DBS, Enhancement & Ethics

Placement of an electrode into the brain. The ...

Placement of an electrode into the brain. The head is stabilised in a frame for stereotactic surgery. (Photo credit: Wikipedia)

Deep Brain Stimulation (DBS) involves the surgical implantation of electrodes into a patient’s brain that, as the name indicates, stimulate the brain. Currently the procedure is used to treat movement disorders (such as Parkinson’s disease, dystonia and essential tremor) and Tourette’s syndrome. Research is currently underway for using the procedure to treat neuropsychiatric disorders (such as PTSD) and there is some indications that it can help with the memory loss inflicted by Alzheimers.

From a moral standpoint, the use of DBS in treating such conditions seems no more problematic than using surgery to repair a broken bone. If these were the only applications for DBS, then there would be no real moral concerns about the process. However, as is sometimes the case in medicine, there are potential applications that do raise moral concerns.

One matter for concern has actually been a philosophical problem for some time. To be specific, DBS can be used to stimulate the nucleus accumbens (a part of the brain associated with pleasure). While this can be used to treat depression, it can also (obviously) be used to create pleasure directly—the infamous pleasure machine scenario of so many Ethics 101 classes (the older version of which is the classic pig objection most famously considered by J.S. Mill in his work on Utilitarianism). Thanks to these stock discussions, the ethical ground of pleasure implants is well covered (although, as always, there are no truly decisive arguments).

While the sci-fi/philosophy scenario of people in pleasure comas is interesting, what is rather more interesting is the ethics of DBS as a life-enhancer. That is, getting the implant not to use to excess or in place of “real” pleasure, but to just make life a bit better. To use the obvious analogy, the excessive scenario is like drinking oneself into a stupor, while the life-upgrade would be like having a drink with dinner. On the face of it, it would be hard to object if the effect was simply to make a person feel a bit better about life—and it could even be argued that this would be preventative medicine. Just as person might be on medication to keep from developing high blood pressure or exercise to ward off diabetes, a person might get a brain boost to ward off potential depression. That said, there is the obvious concern of abusing the technology (and the iron law of technology states that any technology that can be abused, will be abused).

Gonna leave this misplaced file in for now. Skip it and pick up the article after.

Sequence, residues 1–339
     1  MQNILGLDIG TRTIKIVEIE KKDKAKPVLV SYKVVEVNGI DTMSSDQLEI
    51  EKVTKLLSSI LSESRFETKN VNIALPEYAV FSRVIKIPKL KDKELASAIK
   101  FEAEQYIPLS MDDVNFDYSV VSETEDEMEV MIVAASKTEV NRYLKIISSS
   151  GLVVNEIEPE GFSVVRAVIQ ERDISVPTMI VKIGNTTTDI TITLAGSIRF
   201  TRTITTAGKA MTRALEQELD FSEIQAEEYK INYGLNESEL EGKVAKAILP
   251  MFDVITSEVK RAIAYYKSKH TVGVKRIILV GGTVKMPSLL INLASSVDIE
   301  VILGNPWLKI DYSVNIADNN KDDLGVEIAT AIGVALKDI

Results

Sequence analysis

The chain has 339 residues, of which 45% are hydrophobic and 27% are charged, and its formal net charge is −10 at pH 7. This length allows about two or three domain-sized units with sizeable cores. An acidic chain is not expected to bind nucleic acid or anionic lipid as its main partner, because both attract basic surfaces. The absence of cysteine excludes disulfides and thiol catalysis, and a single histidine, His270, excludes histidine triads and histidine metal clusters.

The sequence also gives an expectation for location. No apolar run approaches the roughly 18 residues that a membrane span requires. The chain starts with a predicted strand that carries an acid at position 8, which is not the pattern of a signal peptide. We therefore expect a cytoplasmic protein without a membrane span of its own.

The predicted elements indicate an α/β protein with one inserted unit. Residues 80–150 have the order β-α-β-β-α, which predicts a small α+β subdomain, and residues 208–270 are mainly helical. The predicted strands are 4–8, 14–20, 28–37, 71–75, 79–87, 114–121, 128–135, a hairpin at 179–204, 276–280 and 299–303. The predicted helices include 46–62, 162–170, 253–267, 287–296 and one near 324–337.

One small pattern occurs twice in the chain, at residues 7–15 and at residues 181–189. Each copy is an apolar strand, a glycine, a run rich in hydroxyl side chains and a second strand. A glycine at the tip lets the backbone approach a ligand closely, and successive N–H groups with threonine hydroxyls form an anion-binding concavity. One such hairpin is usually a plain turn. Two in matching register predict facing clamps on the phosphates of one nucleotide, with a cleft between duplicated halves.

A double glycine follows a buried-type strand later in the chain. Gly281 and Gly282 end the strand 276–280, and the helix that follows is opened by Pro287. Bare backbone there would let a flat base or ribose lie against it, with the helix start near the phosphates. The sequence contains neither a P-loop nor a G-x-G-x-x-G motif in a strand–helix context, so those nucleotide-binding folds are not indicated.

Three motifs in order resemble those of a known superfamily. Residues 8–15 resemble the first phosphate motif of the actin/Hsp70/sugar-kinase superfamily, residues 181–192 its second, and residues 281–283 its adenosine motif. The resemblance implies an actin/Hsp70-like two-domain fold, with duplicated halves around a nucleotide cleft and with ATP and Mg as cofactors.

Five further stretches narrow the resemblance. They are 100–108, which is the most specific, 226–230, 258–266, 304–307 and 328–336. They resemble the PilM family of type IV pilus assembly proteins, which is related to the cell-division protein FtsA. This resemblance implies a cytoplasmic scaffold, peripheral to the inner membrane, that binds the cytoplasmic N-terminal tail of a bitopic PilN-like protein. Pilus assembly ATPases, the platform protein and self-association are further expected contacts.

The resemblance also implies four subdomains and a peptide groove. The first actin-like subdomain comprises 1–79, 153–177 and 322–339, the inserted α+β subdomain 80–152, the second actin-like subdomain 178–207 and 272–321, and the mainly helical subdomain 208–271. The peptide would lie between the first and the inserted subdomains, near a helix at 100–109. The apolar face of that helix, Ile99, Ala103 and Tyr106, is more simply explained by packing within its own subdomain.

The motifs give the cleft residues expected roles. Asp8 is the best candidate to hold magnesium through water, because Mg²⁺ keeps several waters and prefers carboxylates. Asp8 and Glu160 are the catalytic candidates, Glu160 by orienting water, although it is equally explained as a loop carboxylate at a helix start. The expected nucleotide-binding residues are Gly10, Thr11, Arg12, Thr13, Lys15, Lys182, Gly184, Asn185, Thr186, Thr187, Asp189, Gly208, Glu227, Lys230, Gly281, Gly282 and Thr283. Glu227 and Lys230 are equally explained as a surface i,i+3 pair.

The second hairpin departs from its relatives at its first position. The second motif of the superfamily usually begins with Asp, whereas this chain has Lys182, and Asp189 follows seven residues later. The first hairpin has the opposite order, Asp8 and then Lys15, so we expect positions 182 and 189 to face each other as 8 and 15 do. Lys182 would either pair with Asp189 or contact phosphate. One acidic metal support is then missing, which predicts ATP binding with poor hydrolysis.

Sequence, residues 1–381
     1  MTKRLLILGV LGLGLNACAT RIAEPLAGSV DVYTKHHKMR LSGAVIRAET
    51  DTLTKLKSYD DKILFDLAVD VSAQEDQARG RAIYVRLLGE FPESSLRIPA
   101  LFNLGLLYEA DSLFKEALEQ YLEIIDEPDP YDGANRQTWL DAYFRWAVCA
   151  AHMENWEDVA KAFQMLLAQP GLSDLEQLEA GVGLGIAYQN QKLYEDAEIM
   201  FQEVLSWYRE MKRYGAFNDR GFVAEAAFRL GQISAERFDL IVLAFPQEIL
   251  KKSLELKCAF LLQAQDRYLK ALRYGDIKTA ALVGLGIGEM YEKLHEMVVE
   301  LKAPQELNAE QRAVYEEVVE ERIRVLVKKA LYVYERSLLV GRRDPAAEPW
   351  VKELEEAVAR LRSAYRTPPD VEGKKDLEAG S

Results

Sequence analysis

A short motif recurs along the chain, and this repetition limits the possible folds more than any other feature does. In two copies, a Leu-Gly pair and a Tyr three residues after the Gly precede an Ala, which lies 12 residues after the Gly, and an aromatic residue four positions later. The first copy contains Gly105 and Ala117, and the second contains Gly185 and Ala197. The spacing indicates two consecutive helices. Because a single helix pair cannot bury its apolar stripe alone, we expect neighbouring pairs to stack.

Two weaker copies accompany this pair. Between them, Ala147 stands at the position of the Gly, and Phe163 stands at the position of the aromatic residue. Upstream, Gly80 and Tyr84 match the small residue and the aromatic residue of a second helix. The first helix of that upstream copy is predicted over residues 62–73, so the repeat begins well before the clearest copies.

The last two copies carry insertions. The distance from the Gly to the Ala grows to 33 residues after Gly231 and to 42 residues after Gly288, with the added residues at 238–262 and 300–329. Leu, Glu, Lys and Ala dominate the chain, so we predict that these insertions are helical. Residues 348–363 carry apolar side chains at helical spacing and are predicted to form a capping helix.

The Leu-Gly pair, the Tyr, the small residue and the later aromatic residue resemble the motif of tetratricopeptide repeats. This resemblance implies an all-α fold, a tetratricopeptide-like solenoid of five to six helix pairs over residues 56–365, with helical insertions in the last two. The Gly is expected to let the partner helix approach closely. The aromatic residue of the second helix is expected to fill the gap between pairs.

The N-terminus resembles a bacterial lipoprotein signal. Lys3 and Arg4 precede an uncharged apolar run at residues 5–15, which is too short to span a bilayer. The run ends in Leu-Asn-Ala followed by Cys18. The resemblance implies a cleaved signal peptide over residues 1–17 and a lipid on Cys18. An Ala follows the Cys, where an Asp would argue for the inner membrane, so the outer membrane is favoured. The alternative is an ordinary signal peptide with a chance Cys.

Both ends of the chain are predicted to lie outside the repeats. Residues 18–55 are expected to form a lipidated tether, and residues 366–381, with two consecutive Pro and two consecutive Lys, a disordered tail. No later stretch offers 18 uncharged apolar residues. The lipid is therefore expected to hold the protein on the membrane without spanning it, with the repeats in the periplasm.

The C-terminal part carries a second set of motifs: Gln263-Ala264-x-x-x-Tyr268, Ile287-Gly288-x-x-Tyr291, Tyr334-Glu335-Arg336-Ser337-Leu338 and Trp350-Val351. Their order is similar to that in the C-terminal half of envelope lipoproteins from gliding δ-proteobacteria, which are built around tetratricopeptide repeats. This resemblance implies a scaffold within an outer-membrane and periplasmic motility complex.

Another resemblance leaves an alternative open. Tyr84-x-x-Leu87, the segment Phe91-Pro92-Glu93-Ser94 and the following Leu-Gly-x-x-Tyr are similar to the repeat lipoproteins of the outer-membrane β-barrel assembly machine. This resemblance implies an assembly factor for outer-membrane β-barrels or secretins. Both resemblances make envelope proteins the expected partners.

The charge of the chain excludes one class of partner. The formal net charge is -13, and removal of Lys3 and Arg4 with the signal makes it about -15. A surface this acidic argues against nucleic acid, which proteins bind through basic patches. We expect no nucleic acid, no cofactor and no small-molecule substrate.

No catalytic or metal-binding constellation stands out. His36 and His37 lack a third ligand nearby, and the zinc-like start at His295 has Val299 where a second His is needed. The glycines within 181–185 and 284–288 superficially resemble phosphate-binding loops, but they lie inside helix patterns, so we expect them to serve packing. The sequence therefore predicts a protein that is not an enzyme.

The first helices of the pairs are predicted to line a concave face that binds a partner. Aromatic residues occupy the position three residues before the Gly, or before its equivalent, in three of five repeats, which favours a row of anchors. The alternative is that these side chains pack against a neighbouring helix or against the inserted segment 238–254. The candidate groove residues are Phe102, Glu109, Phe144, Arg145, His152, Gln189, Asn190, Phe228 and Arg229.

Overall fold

Another area of concern is the use of DBS for other enhancements. To use a specific example, if DBS can improve memory in Alzheimer’s patients, then it could do the same for healthy people. It is not difficult to imagine some people seeking to boost their memory or other abilities through this technology. This, of course, is part of the general topic of brain enhancements (which is part of the even more general topic of enhancements). As David Noonan has noted, DBS could become analogous to cosmetic/plastic surgery: what was once intended to treat serious injuries has become an elective enhancement surgery. Just as people seek to enhance their appearance by surgery, it seems reasonable to believe that they will do so to enhance their mental abilities. As long as there is money to be made here, many doctors will happily perform the surgeries—so it is probably a question of when rather than if DBS will be used for enhancement rather than for treatment.